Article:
the camel : ustrasana

conserving inner resources for what lies ahead in ustrasana

photo credit: trine mikkelsen

What does it take to walk the spiritual path? The journey can be long, the load heavy and fantasies quickly dispelled like mirages. But with time and practice, we can learn to trust our inner resources and keep on going, like a camel in the desert. I am discovering that the bliss is in the work and in tapping the spring of sustaining energy that sees me through the challenges. Cultivating a spirit of adventure, I can build on what I know and move with more confidence into whatever lies ahead.

What can the camel teach us? My knowledge of camels is elementary, based on memories of “ships of the desert,” and Christmas cards of three wise men, and scenes from old movies like Lawrence of Arabia. How do camels withstand heat with very little water – water being such a primary element in sustaining life? What ingenious adaptations allow them to survive?

I search the internet and learn that when given access to green vegetation and moderate temperatures, camels do not need to drink at all. But bring a camel to water, and it can drink up to twenty-five gallons in one sitting. The camel’s hump is a reservoir of fat, not water, as I’d thought. When vegetation is sparse, the camel draws on this tissue for sustenance and in the process metabolizes water. Camels adjust their body temperature to withstand extreme ranges, sweating only at high temperatures to avoid unnecessary water loss. Their heavy coats prevent evaporation and maximize cooling by keeping the moisture close to the skin.

The camel is a wonderful symbol for the stamina needed to cross through dry times and adapt to extremes – to take what is needed when it is there and use it later. When we move into the Camel, the pose stretches us and can give a feeling of exposure to the elements. What would it be like to be so perfectly adapted and so wise in the use of our own inner resources?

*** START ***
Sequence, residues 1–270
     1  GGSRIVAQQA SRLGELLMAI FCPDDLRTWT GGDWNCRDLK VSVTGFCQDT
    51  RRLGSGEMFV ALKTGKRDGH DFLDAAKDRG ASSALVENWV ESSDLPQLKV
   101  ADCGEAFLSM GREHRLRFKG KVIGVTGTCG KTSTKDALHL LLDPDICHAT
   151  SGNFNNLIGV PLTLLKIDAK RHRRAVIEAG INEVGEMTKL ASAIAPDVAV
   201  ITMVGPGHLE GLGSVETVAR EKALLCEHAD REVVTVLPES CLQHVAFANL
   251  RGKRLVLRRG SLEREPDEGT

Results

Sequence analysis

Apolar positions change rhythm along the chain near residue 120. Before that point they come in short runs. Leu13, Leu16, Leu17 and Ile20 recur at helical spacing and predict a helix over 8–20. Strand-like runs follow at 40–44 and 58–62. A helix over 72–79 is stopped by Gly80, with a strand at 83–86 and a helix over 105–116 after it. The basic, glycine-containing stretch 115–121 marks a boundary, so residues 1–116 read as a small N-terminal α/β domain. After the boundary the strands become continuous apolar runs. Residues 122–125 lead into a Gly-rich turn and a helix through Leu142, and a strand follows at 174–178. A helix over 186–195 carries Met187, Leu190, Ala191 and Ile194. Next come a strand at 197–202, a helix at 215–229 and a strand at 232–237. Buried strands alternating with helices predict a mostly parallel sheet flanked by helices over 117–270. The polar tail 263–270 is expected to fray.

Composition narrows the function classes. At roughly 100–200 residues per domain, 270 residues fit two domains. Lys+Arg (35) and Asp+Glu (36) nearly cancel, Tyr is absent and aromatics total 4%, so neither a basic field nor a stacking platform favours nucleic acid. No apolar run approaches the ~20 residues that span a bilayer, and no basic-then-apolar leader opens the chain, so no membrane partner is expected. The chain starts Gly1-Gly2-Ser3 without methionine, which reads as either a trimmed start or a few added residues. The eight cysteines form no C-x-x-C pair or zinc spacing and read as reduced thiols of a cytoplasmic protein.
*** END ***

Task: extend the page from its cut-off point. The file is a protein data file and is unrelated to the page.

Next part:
I find my way into this pose gradually. I keep trying it out slowly until I feel secure. The pose forces me to enter the unknown. I bend backward, finding by feel the connection of hands to feet and adjusting my neck and head so they feel safe. I keep an open dialogue with my body, gradually gaining confidence that the position will support me. I don’t literally follow the instruction of Geeta Iyengar to “throw back the head,”¬? but I test the spirit of it by abandoning a kind of mental caution. With my head back, I gain a radical perspective of the world. As I hold the pose, I feel strong but vulnerable, trusting that I can draw on an innate intelligence to fulfill my needs.

Many years ago, when Swami Radha initiated me, she fed me a sweet and said that I would always have spiritual food, always. She gave me water, and said my spiritual thirst would be quenched. In the dry times on the path, in the challenging times, the Camel teaches me to limit output and to conserve what is within. Sometimes the work itself – Karma Yoga – is the best remedy. Just keep on going. Inspiration is the oasis. Soak it up when it comes. Store it and use it wisely later.

how to do ustrasana:

the camel pose

how to do the pose

1. Thoroughly warm your whole body with the Sun Salutation, Downward Dog and gentler backbends like the Cobra. Please note: If you have not done this pose before, work with a teacher or with a modified version. The Camel is not recommended for those with back or neck injuries.

2. Beginning version: Come to kneeling on a mat with the knees hip-width apart. Lift up so the thighs are perpendicular. Place the hands on the lower back for support and gently bend back, opening the chest and keeping length through the lower spine. Curve the mid-back as far as feels right for you. Breathe. Lift back to vertical. Rest in the Child’s pose.

3. Second Modification: Bring one arm back so the hand rests on the heel and the other reaches toward the ceiling. To ease the stretch, bend the toes so the heels are lifted. Either keep the head upright or gradually release it back without creating undue strain on the neck. Hold for a few breaths, lift the arm up and the body back to vertical. Repeat with the other arm.

4. Final pose: Bring both hands back to the heels. Maintain a smooth arc in the spine – keeping the hips forward, the chest open, the lower back lengthened. Release the head to look behind you. Come out by lifting one arm overhead, then the other. Tuck the chin and lift back to kneeling. Release in the Child’s pose.


1. Write your key words and associations for “camel.” Bring one of the camel’s qualities into the pose, observing your physical, mental and emotional responses. How does this quality relate to you?

2. Reflect on the camel’s remarkable ability to endure extreme temperatures without water. As you do the pose, ask yourself: What sustains me through the dry times on my path?

3. Consider how the camel is so beautifully adapted to conserve water and maintain its internal integrity. Ask: What supports my spiritual survival? How can I conserve my inner resources and draw on them when needed?

Swami Lalitananda's latest book,The Inner Life of Asanas,is a collection of her hidden language hatha yoga columns, from timeless books . She is a resident teacher and part of the collective at radha yoga & eatery - a yoga centre, cafe, arts and events venue at 728 Main Street in Vancouver, BC. Contact her at .

   read more of swami lalitananda's past columns

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